I’ve lived some days in the last little while, almost as if existing via an out of body experience. The experience of losing a dear friend has been a stand out moment in my life for several reasons. First and foremost, I only ever experienced this much grief as an adult twice; in the diagnosis of my son with Cystic Fibrosis and now secondly with Jess’ passing. Sure I’ve experienced grief on various levels losing grandparents and older family members, but somehow, that didn’t feel so gut wrenching, not because I didn’t love them dearly but because they had lived a full life for a really long time.
As the last 3 weeks have rolled by, I’ve had to step into a really busy period of time. And whilst life goes on, I felt as though it was all going on around me, yet I was stuck in-between it all, like some parallel universe. I had speaking gigs, patients to attend to, a household to run, a clinic to direct, staff to watch over, a family to care for and all the while, I was sitting in my stuff; stuck. I can tell you this much. One of the most challenging things I’ve ever had to do is grieve with kids at my ankles. Not allowing ourselves to fully feel emotions as they sweep over us, is a recipe for disaster. I remember reading one of Brandon Bay’s books – The Journey, in which he speaks about the grieving process and that it must be FULLY embodied for 3 days. It blew my mind and any previous level of understanding of the grieving process I had. Looking back though and in my recent experience, it makes sense – because how many people do you know who are still stuck grieving something they dearly loved and lost, a lifetime ago? How many people are stuck in their stuff? Because the alternative, is vulnerability – and as it seems, when trying to push on and get through the day-to-day priorities and commitments in life, allowing all those feelings to surface and to step in and embody that vulnerability isn’t our default or the nicest place to sit..
For these past few weeks, I’ve remained mostly shut. I shut down my emotions. I shut down my heart. I shut down on my usual levels of good nutrition, I shut down on adequately feeding my body, heart and soul. And even though I probably knew I was shutting it all out, whilst in it, I couldn’t identify with it. It was a place I wasn’t used to hovering. I went about delivering the same corporate presentation that I’d done so many times before, but this time it was such an effort to get the words out. I struggled to deliver on the level I would ordinarily be proud of. In the three years I’ve been on the speaking circuit, I knew this day would likely come – I just didn’t expect it to be now. I wasn’t bringing ‘it’ to any area of my life. As days have slipped by, I’ve been able to grieve a little more, but my heart has remained shut off.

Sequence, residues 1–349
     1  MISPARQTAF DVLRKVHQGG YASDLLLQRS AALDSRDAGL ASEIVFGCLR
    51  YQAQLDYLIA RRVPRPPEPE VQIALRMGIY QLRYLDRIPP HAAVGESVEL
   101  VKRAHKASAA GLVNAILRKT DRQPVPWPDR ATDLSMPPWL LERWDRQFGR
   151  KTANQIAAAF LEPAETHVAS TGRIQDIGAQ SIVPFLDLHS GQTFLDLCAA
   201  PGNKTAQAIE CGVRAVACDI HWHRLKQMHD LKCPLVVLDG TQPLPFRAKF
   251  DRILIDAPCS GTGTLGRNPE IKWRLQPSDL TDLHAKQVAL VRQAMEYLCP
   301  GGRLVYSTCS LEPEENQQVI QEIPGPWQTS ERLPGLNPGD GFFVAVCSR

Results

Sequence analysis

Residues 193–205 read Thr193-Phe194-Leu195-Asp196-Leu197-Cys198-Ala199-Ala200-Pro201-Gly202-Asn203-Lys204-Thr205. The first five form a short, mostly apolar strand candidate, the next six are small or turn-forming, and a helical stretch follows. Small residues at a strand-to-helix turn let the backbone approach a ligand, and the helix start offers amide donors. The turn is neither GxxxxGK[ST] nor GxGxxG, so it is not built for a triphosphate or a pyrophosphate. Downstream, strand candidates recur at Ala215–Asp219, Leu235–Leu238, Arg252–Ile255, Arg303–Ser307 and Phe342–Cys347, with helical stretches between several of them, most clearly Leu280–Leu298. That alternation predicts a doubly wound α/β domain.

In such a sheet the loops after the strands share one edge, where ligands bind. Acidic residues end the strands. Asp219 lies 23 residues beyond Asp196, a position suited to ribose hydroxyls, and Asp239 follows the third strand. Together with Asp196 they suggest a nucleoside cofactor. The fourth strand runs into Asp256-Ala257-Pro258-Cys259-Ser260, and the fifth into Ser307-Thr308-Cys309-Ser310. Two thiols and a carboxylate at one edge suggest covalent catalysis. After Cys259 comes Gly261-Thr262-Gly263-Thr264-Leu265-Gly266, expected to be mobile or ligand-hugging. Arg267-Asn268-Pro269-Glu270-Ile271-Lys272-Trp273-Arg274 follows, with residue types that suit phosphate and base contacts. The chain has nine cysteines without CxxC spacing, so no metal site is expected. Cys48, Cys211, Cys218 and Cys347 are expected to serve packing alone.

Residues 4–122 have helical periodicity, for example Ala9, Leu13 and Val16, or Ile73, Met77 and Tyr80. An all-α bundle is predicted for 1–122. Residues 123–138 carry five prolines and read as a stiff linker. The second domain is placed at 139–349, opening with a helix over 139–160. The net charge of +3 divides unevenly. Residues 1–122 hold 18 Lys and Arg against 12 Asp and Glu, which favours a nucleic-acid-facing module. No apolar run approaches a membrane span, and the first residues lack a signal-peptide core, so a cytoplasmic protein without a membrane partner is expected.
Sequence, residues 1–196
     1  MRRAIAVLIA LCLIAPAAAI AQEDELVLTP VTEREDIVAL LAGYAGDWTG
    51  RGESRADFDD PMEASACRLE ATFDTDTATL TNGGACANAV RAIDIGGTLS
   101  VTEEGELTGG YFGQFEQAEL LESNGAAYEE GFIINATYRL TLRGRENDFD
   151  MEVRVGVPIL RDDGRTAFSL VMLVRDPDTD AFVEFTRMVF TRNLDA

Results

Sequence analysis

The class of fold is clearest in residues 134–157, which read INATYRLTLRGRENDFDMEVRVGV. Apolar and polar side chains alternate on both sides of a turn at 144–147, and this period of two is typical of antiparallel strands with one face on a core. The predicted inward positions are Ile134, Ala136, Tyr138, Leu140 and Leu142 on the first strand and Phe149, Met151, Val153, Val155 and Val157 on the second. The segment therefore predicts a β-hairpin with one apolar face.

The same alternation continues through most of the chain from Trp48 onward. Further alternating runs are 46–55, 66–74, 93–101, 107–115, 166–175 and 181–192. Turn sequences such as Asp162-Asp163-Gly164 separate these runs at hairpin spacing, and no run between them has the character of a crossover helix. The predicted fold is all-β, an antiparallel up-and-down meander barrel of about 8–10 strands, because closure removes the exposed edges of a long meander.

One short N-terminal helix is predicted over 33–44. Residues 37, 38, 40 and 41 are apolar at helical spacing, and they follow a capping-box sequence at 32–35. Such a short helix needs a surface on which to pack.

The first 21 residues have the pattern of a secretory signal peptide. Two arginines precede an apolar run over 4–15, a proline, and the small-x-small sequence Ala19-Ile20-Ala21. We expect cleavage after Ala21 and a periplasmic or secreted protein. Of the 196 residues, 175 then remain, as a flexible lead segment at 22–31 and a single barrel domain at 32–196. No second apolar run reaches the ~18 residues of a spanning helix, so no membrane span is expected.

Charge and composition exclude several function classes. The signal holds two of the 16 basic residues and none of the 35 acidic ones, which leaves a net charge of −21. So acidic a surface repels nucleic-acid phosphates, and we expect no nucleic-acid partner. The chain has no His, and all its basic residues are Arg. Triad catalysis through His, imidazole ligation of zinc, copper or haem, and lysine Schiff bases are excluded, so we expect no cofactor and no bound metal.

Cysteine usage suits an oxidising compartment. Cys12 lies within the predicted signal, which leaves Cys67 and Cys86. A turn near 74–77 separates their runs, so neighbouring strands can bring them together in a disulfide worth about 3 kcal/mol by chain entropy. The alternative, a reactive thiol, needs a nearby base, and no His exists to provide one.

I’m ok admitting that I totally dislike being in that vulnerable space. Logic wouldn’t ordinarily tell me that in my vulnerability there was strength and I needed to step into it’s swampy realm, when in it I was too closed to see it. I thought what I was doing was stepping up and getting on with the job – to give to others what they needed. This was actually, in hindsight the polar opposite from the truth. Even though I felt as though I was getting the ‘job’ of day-to-day tasks done, it was only with a part of me. You know, my ability to speak and bring it to the stage has always rested upon my openness and vulnerability. For my audience to experience authenticity; that has always been my connection to my listeners. Take out the key ingredient and something pretty big is missing. If my cup isn’t full, I don’t have anything to flow onto others.
Stepping into vulnerability can take strength because until we are able to step outside our comfort zone, we simply can’t grow. Until we can own our stuff, admit our feelings, our downfalls and our weaknesses, we’re acting via a shopfront. Pretty for all to see, but what’s hiding back there in the store room?
True strength and leadership lies in owning our not so great stuff along with ALL the good stuff.
I read this in the Huffington Post, in an article by Viral Mehta. He said, “if we embrace our vulnerability, we can fully accept the discomfort and learn to observe our entire reality deeply and intimately – just the way it is.” He also went on to say, that in being authentic in any given moment in which we feel wounded, we have to honestly acknowledge the places where we feel hurt and then muster up the strength to just be with that pain. This takes tremendous courage because as humans it isn’t like us to choose or allow pain. But here’s the best part of what he tapped out, it’s that it takes courage to be vulnerable and that courage is what opens our hearts to be filled with love. He says, if you are full of love, you can’t have fear – because love is courage. True vulnerability, in its most profound form, is an act of love.
In realising this, everything clicked for me. I got my cook back on in the kitchen and filled my fridge with the usual nourishing food I know and love. How was I expecting my body to thrive without that basic nourishment? No brainer I know, but I was literally living on eggs. Eggs are a wonderful source of protein and fat especially on the fly, but not one single food on repeat will provide us with the array of nutrients our bodies require. I stepped into my vulnerability, I stopped pretending I was ok when I felt broken. I owned how I was feeling and I shared this with others close to me and so on it flowed.
I have learnt that I must remain open for myself to grow and heal and for people to learn from my experiences and for me to deliver my knowledge in my ‘Kringo’ way. I suspect, this lesson simply came at the time I was ready to learn, just in time for an upcoming presentation where I will tell this very story and show others how in vulnerability there is oh so much strength.